Posterior CricoArytenoid muscle (PCA)

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The PCA muscle is located on the back of the larynx, behind and lateral to the arytenoid cartilage. It pulls on the arytenoid cartilage to open the vocal cords for breathing. The effect of contraction of this muscle can be visualized as the opposing effect of contraction of the LCA muscle. The PCA muscle is strongly activated by sniffing. During a brisk inhale through the nose, the PCA muscle contracts and each vocal process moves laterally, increasing the size of the opening of the glottis.

Additionally, contraction of the PCA muscle can be viewed when a person initiates sound with excess tension. The LCA muscle brings the vocal cords together but then the PCA muscle also contracts and pulls the vocal processes slightly apart. The actual belly of the muscle can be seen bulging behind or posterior to the arytenoids. 

Indirect Effects: During a brisk breath in, particularly through the nose, the PCA muscles contract and the vocal processes (arrows) move far laterally, opening the airway to its maximum size. This is the configuration when the LCA muscles are at rest.

Indirect Effects: During a brisk breath in, particularly through the nose, the PCA muscles contract and the vocal processes (arrows) move far laterally, opening the airway to its maximum size. This is the configuration when the LCA muscles are at rest.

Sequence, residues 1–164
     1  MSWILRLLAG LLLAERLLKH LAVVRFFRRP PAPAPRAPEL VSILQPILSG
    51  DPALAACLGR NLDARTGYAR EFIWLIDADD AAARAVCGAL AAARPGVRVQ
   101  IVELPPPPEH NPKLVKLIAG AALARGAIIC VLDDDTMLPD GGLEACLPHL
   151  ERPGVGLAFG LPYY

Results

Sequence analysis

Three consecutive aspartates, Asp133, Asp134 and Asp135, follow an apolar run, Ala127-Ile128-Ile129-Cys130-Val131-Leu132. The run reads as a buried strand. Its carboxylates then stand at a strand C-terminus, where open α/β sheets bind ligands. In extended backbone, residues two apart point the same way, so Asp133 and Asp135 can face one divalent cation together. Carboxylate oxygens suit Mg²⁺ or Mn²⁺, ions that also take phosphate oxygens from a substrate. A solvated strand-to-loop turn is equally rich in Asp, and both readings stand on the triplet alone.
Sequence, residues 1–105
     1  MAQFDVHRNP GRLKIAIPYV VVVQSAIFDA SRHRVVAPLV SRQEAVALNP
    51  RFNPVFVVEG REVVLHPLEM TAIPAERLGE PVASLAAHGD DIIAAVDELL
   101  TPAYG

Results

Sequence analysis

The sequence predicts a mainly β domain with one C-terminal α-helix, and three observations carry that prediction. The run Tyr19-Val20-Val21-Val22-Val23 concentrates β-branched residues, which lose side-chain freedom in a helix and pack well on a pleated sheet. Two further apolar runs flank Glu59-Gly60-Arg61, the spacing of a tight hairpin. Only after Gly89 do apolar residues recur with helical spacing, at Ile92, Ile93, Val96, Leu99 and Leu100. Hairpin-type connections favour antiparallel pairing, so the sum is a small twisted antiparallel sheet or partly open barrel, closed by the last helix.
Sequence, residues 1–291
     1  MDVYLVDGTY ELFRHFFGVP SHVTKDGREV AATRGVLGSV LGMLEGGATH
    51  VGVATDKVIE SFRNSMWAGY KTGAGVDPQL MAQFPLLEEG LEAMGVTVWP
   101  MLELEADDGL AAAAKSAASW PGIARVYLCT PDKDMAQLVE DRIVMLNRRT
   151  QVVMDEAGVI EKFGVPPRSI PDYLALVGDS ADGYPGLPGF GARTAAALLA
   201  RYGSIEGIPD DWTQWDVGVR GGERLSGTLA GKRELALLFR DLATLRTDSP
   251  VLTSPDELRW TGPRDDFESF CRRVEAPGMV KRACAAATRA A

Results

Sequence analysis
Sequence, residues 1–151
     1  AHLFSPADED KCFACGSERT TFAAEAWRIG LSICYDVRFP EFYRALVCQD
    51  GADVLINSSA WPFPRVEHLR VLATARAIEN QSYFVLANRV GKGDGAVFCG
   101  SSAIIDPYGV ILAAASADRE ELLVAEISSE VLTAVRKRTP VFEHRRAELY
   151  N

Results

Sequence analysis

Direct Visiblity: Left: the relaxed right PCA muscle’s bulk between the left arrows is small. Right: the right PCA muscle has contracted, (pulling the vocal cords slightly apart) and the increased thickness of the right PCA muscle is visible between the right arrows.

Direct Visiblity: Left: the relaxed right PCA muscle’s bulk between the left arrows is small. Right: normally relaxed during phonation, the right PCA muscle has contracted, (pulling the vocal cords slightly apart) and the increased thickness of the right PCA muscle is visible between the right arrows in this individual with hyperfunctional squeeze.

Summary

Muscles of the larynx

  • Visual findings of the function of the PCA (Posterior CricoArytenoid) muscle is assessed by viewing the arytenoid region during opening and closure